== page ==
TORONTO — Ontario is considering additional restrictions to combat a surge in COVID-19 cases, Premier Doug Ford said Tuesday as he warned people against making plans for Easter weekend.
Ford would not specify what new measures his government is considering but said he'll consult the province's top doctor before making a decision.
"Everything's on the table right now, so folks be prepared," he said. "I'm asking you, don't make plans for Easter. ... I won't hesitate to lock things down."
Ford's comments came hours after Ontario's hospitals and science advisors warned that intensive care units in the province's hospitals were facing a capacity crunch.
The province reported 2,336 new cases and 14 deaths on Tuesday, with 1,090 people hospitalized, 387 in intensive care, and 249 placed on a ventilator.
Late Monday, the Ontario COVID-19 Science Advisory group published a report that showed virus variants were sending more Ontarians to intensive care units.
It also showed that people infected with COVID-19 variants are more likely to be hospitalized and die, placing a “considerably higher burden” on the health-care system than during the second wave of infections.
The report looked at 26,314 people who tested positive for COVID-19 in Ontario between Feb. 7 and March 11.
More than 9,000 of them were infected with a variant of concern, and the study found those patients were 62 per cent more likely to be hospitalized, 114 per cent more likely to end up in an intensive care unit and 40 per cent more likely to die from the virus.
The report noted that as of March 28, more infectious variants of concern accounted for 67 per cent of all infections, and the variant known as B.1.1.7 that was first detected in the U.K. makes up 90 per cent of variant cases.
The study also found that 46 per cent of intensive care admissions between March 15 and March 21 were people aged 59 and younger, compared with 30 per cent of admissions between Dec. 14 and Dec. 20.
Researchers flagged that risk of severe outcomes from a COVID-19 variant infection is pronounced 14 to 28 days after infection, "which in turn will result in delays until the full burden to the health-care system becomes apparent."
The president of the Ontario Hospital Association said 46 patients were admitted to intensive care on Monday - the highest one-day number of admissions in the second and third wave.
Anthony Dale said if the trend continues, patient transfers will be running "24-7" to ensure they receive life-saving care and more surgeries will be cancelled, adding to the current backlog of 250,000 procedures.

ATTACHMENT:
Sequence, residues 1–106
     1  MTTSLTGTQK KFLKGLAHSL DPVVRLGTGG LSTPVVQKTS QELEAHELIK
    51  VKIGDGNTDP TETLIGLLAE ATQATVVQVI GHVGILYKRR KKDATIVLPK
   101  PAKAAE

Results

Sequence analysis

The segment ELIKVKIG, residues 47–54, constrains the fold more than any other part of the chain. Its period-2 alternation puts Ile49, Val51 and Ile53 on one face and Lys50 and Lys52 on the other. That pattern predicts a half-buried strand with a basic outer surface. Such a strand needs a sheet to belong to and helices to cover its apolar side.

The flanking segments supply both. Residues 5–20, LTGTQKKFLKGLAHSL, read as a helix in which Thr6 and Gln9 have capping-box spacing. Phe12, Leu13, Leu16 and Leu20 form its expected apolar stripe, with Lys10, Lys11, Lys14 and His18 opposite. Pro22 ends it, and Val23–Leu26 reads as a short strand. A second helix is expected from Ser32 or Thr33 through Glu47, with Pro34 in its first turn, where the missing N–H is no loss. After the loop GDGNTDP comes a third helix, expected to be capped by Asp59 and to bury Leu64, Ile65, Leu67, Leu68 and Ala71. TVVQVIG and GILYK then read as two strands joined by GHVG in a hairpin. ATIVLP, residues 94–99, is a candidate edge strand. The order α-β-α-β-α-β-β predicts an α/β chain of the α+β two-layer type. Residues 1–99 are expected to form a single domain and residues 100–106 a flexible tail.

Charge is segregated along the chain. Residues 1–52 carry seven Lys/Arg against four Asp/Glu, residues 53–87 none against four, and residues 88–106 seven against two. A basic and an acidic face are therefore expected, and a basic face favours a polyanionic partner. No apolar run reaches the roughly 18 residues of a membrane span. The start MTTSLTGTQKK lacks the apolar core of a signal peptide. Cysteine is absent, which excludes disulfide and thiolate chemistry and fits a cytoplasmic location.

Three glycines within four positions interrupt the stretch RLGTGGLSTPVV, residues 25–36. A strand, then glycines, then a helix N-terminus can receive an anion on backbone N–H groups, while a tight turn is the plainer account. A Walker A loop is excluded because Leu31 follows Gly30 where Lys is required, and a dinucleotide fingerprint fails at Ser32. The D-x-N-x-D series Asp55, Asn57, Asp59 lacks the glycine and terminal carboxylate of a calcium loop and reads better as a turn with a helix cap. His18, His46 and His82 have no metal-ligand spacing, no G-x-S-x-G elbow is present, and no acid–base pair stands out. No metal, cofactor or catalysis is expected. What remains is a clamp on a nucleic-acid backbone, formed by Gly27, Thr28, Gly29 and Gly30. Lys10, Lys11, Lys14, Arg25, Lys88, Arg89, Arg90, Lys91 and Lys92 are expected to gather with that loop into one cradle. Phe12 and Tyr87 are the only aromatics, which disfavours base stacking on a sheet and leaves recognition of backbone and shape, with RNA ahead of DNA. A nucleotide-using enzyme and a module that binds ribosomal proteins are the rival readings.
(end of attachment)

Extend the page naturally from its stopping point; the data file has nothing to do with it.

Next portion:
"I am very concerned about the breakdown in social cohesion and the understanding of the risk and the sacrifice that is still needed to get us all through this safely together and without unnecessary death and harm and further massive disruption to hospital care," Dale said.
Ornge, the province's air ambulance service, said Monday that between Jan. 1 and March 25, at least 601 patients were transferred to different hospitals to help address the pandemic capacity crunch.
Meanwhile, vaccine supply shortage forced a public health unit in a COVID-19 hot spot to close three vaccination clinics. York Region said the clinics - including the Canada's Wonderland site that opened Monday - would close from April 2 to 5 due to delayed Moderna vaccine shipments.
Premier Ford blamed the shortage issue on the federal government.
"We're putting these mass vaccination centers up, a ton of effort, a ton of resources, a ton of people going there, and all of a sudden, bang, now we have to close it down again, up at Wonderland," he said in the legislature on Tuesday.
"When can we count on a consistent volume of vaccines from the federal government? That's what it comes down to."
Ontario received 466,830 Pfizer-BioNTech doses on Monday, and the government said a delayed shipment of 225,400 Moderna doses is expected on April 7.
It is also expecting 583,400 doses of the Oxford-AstraZeneca vaccine from a shipment that arrived in Canada on Tuesday and is awaiting federal approval to be released to the province. Those doses will be distributed through pharmacies and primary care offices.
Halton and York Regions, two other Greater Toronto Area health unit, announced Tuesday they would move ahead with offering vaccinations to people aged 65 and older starting March 31, ahead of the provincial schedule.
In total, the province has so far administered 2,102,380 COVID-19 vaccine doses.
This report by The Canadian Press was first published March 30, 2021.
Shawn Jeffords and Holly McKenzie-Sutter, The Canadian Press